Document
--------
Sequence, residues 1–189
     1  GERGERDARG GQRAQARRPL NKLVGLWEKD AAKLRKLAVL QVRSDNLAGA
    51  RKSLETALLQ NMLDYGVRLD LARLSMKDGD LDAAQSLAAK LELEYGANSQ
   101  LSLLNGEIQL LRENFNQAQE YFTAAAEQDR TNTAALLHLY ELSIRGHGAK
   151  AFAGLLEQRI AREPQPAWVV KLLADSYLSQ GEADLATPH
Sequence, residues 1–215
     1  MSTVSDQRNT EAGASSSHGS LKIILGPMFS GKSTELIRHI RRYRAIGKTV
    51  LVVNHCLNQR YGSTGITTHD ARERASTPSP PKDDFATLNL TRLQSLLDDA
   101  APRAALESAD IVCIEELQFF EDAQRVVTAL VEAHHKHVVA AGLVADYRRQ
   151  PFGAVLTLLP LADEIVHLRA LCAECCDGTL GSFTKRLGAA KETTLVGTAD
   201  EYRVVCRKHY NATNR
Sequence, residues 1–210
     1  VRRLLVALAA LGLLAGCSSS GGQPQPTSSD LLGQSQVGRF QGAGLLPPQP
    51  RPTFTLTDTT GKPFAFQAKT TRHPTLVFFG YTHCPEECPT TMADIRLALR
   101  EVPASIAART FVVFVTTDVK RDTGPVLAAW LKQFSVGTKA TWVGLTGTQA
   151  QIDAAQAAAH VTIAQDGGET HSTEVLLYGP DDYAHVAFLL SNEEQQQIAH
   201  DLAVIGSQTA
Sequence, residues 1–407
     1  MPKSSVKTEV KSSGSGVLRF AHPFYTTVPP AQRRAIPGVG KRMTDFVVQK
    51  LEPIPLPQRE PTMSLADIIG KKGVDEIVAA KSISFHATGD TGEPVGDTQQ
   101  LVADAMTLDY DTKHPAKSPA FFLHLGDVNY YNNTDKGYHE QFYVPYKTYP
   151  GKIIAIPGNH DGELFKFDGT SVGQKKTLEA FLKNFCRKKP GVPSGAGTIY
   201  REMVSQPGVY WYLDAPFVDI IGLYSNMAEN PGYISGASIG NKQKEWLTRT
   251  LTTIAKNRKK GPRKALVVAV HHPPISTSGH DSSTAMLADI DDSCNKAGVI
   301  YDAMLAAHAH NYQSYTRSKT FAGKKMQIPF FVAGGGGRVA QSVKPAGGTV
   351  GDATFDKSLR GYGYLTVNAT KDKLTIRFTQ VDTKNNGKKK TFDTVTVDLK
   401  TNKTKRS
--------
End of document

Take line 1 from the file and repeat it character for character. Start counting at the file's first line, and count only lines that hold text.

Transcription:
Sequence, residues 1–189